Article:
The fact that his room had neither gas lamp or fireplace helped as he suffered through the penance of withdrawal. The spartan room’s bed, dresser desk and wash basin were either masked in pitch blackness, lingering in twilit shadow, or bright with daylight.
The light of day pained his eyes and skin, so he stayed abed. In the dark of night, he sweated, fending off fever dreams. During the spaces between, he washed his addiction-wracked body and said his prayers, earnestly now, not like he used to.
After three days of this, he felt the demons vacate and his humanity return. He dressed, unlatched the door, nodded to his body man who’d been outside his room the entire time, and headed down into the lobby of The Peabody hotel to seek out sustenance.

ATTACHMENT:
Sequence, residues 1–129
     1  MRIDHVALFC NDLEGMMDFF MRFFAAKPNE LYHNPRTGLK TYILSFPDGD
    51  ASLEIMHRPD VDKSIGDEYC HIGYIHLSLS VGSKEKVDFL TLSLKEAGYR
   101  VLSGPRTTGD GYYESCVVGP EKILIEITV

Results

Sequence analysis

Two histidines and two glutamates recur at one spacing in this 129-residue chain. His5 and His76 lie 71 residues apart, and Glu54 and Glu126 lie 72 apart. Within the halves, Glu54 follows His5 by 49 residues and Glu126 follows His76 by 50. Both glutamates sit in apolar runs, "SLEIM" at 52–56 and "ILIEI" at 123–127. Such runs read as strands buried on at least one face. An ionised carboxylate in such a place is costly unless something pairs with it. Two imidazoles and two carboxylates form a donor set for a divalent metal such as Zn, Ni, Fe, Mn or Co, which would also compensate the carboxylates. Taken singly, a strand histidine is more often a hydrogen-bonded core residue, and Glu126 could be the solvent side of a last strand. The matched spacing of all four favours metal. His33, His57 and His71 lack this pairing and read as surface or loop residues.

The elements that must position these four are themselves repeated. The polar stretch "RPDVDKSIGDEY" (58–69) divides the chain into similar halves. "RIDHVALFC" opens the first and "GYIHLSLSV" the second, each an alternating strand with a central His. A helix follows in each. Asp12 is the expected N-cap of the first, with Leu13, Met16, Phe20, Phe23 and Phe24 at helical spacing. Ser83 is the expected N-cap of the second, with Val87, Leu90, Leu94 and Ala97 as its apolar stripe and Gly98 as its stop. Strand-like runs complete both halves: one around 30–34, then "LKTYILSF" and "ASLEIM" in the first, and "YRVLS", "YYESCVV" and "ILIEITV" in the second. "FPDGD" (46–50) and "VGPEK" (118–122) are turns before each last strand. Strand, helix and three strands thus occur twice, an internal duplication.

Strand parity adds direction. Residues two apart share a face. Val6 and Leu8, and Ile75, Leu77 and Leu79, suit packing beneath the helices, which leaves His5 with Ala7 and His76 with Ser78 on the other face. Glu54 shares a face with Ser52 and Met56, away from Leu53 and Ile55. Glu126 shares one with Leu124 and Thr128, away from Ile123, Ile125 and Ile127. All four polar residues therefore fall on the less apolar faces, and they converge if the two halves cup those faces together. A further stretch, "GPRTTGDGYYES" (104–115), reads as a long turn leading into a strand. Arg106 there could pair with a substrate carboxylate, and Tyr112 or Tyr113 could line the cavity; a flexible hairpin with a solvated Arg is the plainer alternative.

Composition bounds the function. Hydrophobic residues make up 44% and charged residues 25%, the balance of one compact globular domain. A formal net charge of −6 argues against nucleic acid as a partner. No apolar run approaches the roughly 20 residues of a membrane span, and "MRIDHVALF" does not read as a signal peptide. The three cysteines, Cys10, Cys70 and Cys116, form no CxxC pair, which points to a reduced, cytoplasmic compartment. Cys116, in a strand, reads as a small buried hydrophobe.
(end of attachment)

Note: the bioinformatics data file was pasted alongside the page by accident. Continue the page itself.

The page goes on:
Now that his head was clear, a mortal choice awaited his answer:
To remand himself to the pursuing marshals, or flee and await God’s justice after this life.
The hotel stood dead between of the horror that had happened out west, and his father’s estate in the east. Memphis was his limbo now, trapped between heaven and hell, and he was unsure which way to turn.
When originally built, The Peabody hotel cost between three and four dollars per night, including meals. If you wanted a room with a gas light or a fireplace, you had to pay extra. And still, it was considered one of the finest hotels for hundreds of miles.